Conservatives vs. McCain

The long knives are out. Rush Limbaugh says he'd rather see a Democrat in the White House than McCain. Laura Ingraham refuses to vote for the man. Ann Coulter would (allegedly) rather endorse Hillary. Count James Dobson out of the supporter category, too.

This is more than just garden-variety opposition, and it's not just jockeying for position to push a more-favored candidate. This is entrenched "no-way" sentiment, and it extends to numerous Republican legislators past and present.

"The thought of his being president sends a cold chill down my spine," Sen. Thad Cochran (R-Miss.), also a senior member of the Appropriations panel, told the Boston Globe recently. "He is erratic. He is hotheaded. He loses his temper and he worries me."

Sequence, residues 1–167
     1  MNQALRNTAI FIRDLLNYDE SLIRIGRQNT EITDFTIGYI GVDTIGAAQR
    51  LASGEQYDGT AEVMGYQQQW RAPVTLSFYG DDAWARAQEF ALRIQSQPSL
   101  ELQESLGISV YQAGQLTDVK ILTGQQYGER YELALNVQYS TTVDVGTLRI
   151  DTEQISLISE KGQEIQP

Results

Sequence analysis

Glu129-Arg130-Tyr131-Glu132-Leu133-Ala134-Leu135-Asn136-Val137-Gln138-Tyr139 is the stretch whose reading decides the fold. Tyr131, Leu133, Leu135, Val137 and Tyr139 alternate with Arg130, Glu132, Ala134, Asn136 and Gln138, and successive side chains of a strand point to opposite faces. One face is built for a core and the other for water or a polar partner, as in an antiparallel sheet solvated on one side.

What does it all mean?

Even if McCain wins tonight, you have to discount considerably his chances in the general election. The right's greatest success has been in mobilizing the hard core of the Republican Party's conservatives, and if those folks don't turn out to vote in the general, that's trouble.

GOP strategists argue that McCain has appeal among independents, and maybe that's true, but that's not how Republican candidates win elections. John Kerry crushed George W. Bush among independents, but Bush won anyway. And most of the people that made that happen will stay home rather than vote for John McCain.

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